Age is no barrier to starting a business
Older Australians are in the top echelon of business start-ups, according to a new report that is part of a continuing global entrepreneurship study, but young adults are far less – enterprising.
Australians outperform most other developed-world nationalities in most categories in the Global Entrepreneurship Monitor report for Australia, according to a study released this month based on a 2017 survey.
An estimated 1.8 million Australians, or 12.2 per cent of those aged 18 to 64, were engaged in starting or running new businesses, the report by Adelaide University’s Entrepreneurship, Commercialisation and Innovation Centre and Queensland University of Technology’s Australian Centre of Entrepreneurship Research found.
That score rated Australia sixth among a group of 24 developed economies surveyed by GEM, which identifies entrepreneurs at the earliest stages of creating businesses and benchmarks them internationally.
The report found not only a relatively high level of entrepreneurial activity “but the quality is also strong by world standards”.
“It usually surprises people when they hear just how entrepreneurial Australia is compared to other countries,” said Paul Steffens, Adelaide University professor of entrepreneurship and lead author of the report.
This was good news for employment growth, Professor Steffens said. “Some 3.4 per cent of adults, or 510,000 new businesses, (each) expect to create at least six new jobs in the next five years.”
The Australian GEM study found particularly strong total early-stage entrepreneurial activity among older people; 9.3 per cent of the 55 to 64 age group were engaged in start-ups, ranking them third in the developed countries grouping, behind Israel and South Korea, but significantly ahead of the US (7.6 per cent) and Britain (5 per cent).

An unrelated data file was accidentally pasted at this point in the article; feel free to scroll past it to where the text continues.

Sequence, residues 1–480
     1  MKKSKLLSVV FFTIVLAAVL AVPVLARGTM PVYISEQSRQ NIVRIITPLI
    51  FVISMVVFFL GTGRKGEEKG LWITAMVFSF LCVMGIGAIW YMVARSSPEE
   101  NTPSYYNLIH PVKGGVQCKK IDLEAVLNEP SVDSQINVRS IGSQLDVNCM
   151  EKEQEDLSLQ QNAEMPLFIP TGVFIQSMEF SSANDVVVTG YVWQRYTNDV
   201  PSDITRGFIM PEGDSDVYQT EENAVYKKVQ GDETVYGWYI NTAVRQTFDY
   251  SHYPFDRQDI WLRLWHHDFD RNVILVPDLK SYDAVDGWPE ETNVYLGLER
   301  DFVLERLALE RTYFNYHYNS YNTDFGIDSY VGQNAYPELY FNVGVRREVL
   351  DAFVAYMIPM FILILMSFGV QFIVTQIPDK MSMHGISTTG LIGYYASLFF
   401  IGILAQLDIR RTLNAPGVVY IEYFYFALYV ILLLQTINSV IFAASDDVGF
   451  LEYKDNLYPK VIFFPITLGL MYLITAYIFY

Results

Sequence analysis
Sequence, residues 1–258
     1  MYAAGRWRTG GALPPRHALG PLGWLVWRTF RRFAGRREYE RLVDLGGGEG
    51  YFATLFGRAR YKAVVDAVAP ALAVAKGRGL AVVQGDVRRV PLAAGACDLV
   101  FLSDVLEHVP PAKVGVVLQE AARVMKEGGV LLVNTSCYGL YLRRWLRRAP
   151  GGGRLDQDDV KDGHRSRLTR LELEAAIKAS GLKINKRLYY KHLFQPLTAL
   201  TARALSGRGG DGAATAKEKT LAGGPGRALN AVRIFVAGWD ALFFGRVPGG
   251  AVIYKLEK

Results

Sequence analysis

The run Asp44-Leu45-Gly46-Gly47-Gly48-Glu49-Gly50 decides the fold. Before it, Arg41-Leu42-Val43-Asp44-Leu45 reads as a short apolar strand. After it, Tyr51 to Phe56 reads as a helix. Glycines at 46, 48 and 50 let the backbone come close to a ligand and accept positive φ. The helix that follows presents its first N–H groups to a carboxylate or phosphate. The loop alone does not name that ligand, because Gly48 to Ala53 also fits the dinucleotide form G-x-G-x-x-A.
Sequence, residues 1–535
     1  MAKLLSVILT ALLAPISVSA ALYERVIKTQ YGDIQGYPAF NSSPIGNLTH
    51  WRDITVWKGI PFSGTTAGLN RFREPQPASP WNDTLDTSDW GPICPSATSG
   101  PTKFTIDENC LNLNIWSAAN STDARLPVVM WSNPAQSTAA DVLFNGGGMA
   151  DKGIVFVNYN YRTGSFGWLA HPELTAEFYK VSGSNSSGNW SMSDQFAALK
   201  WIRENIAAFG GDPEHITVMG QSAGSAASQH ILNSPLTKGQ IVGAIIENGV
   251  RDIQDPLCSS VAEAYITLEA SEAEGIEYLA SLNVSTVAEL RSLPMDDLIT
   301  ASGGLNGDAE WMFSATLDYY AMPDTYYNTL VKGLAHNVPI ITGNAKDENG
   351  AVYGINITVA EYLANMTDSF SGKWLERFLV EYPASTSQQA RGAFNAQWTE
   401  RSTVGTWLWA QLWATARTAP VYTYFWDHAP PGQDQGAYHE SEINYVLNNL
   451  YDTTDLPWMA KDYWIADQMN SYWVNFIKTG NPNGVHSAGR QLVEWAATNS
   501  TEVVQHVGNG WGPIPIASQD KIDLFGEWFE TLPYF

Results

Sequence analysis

Australia’s compulsory superannuation system, affording retirees freed from full-time salaried work relatively high levels of savings to start their own businesses, was a clear factor, Professor Steffens said. He cautioned that much of the start-up activity in the older group was “hybrid entrepreneurialism”: part-time businesses or upgrading hobby interests to enterprises. There would not be, however, much high-risk, high-reward activity. “Engaging in high-risk entrepreneurialism is not usually a wise decision in that period of life.”
Several factors highlighted by the survey and report, however, caused concern to the researchers. One was the relatively low level of entrepreneurial activity in the youngest adult grouping, 18 to 24. At 7.6 per cent, the Australian rate equalled the average across the 24 economies but was well behind the leaders: Estonia (24.6 per cent), Canada (17.2 per cent), US (11.4 per cent) and The Netherlands (11.4 per cent).
Professor Steffens attributed a large part of that to Australian schools’ traditionally low emphasis on business enterprise, compared with other advanced countries where entrepreneurialism was often taught in specialised subjects.
An associated problem was Australians’ relatively high fear of business failure. About 41.4 per cent of respondents cited fear of failure as a discouragement to starting a new business, compared with 33.4 per cent in the US and 35.9 per cent in Britain.
The report also cited female entrepreneurial participation as a concern. Though a 9.2 per cent total early-stage entrepreneurial activity ranked Australian women seventh among the 24 developed nations, their engagement was significantly lower than Australian men, at 15.3 per cent.
The Queensland government last October appointed Leanne Kemp, founder and chief executive of technology business Everledger, as Chief Entrepreneur, the first woman to hold the position.
Article from ‘The Australian’ written by Peter Alford – 20 March 2019